MERIT Award Recipient: Moshe Oren, Ph.D.

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Portrait of Moshe Oren
Sponsoring NCI Division: Division of Cancer Biology (DCB)
Grant Number: R37CA040099
Award Approved: September 2003
Institution: Weizmann Institute of Science
Department: Molecular Cell Biology
Moshe Oren, Ph.D.
Literature Search in PubMed

Functional Analysis of the p53 Tumor Suppressor

Dr. Oren's research concerns the molecular mechanisms that prevent the emergence of cancer. In particular, Dr. Oren is focusing on the p53 tumor suppressor. Tumor suppressor genes serve as a built-in genetic protection device against cancer: as long as they retain their functionality, cancer is effectively aborted. Conversely, when one or more tumor suppressor genes become nonfunctional, the drift of normal cells towards a malignant state is enabled.

Of all tumor suppressor genes, p53 is the one that is altered most frequently in human cancer. Close to half of all individual human tumors carry genetic alterations in the p53 gene, which directly inactivate the gene and ablate the production of its normal protein product, the p53 protein. Understanding how p53 acts to suppress cancer and how its function is abrogated in tumor cells is thus of prime importance in elucidating the molecular mechanisms that give rise to cancer.

Dr. Oren's lab is concentrating on the biochemical and biological activities of p53, as well as on the ways in which p53 function is regulated in normal and cancer cells. Previous work has led, among other things, to the realization that one of the ways whereby p53 can suppress cancer is by triggering within cancer cells a process of programmed cell death, known as apoptosis. Subsequent work has revealed that the cellular amounts and activity of the p53 protein, as well as the ability of p53 to kill cancer cells, are largely regulated by another protein known as Mdm2. Mdm2 itself is also implicated in many types of cancer: overproduction of Mdm2 results in excessive p53 inactivation, thereby relieving the cell of p53's protective effects and facilitating the emergence of cancer.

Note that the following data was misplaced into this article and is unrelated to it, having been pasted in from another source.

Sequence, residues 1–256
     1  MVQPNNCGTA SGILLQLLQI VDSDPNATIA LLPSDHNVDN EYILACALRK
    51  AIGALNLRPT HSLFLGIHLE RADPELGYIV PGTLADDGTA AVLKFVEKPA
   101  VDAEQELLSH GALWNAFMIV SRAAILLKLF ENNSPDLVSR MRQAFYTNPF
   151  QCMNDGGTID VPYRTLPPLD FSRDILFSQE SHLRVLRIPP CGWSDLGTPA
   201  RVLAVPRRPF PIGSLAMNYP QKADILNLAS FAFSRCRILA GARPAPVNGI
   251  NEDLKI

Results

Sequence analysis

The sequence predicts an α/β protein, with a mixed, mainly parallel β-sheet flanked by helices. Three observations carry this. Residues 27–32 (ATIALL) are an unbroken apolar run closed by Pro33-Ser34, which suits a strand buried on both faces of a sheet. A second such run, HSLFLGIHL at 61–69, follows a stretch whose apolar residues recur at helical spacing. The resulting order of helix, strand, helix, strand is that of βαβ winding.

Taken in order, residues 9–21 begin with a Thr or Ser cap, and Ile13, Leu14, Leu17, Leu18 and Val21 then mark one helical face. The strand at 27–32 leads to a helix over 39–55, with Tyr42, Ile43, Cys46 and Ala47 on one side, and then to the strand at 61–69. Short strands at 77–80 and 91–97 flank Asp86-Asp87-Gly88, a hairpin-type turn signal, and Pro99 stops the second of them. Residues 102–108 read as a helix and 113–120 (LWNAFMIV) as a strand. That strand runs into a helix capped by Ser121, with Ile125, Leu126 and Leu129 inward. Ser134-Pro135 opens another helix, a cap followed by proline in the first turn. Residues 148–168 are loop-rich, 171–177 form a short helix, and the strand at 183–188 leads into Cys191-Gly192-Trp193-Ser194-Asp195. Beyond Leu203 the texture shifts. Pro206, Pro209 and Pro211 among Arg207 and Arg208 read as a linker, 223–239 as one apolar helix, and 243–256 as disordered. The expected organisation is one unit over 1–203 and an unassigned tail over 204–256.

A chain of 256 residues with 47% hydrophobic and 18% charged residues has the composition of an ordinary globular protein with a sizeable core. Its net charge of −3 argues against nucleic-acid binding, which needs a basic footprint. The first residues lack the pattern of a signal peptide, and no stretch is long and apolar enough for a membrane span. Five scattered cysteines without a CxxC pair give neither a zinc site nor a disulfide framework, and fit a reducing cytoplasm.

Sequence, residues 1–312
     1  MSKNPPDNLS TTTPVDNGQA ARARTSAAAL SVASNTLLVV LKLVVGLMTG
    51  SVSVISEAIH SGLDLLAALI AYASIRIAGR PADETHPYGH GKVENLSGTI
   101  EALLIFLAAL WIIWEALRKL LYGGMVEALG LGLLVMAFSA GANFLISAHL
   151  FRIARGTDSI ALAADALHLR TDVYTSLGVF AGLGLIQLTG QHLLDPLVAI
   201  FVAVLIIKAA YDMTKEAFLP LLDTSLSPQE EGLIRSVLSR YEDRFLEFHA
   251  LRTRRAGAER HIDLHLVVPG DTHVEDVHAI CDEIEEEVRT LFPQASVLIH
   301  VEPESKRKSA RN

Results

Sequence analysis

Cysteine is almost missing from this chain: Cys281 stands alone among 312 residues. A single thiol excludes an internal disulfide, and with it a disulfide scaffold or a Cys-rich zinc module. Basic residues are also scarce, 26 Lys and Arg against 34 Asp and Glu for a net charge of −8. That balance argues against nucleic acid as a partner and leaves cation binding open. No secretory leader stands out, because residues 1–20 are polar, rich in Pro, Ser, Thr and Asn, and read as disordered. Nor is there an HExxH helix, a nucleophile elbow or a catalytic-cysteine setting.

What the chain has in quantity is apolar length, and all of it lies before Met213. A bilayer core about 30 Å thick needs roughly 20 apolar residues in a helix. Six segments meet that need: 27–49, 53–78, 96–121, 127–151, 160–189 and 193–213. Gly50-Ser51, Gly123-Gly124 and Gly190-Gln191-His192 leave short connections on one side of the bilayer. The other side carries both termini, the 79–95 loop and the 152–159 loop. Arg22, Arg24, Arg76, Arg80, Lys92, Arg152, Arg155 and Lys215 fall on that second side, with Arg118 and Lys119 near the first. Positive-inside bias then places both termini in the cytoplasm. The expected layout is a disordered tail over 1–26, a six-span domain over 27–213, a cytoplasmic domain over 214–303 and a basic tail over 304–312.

Dr. Oren's current research attempts to elaborate how the interplay between p53 and Mdm2 is regulated, and how various incoming signals that operate either in normal or in cancer cells affect differentially the ability of p53 to become activated and the ability of Mdm2 to block this activation. Special emphasis is being placed on the role of chemical modifications that occur on Mdm2 and modulate its p53-inactivating capacity, as well as on the identification of other regulatory proteins that interact with Mdm2. The research also aims to assess how another p53-related protein, known as p63, contributes to the regulation of p53 activity and to cancer. The understanding gained from these experiments is likely to provide clues that will enable the reactivation of p53 in cancer cells, eventually triggering in such cells apoptosis or other p53-mediated inhibitory processes and contributing to the slow-down or complete elimination of the tumor.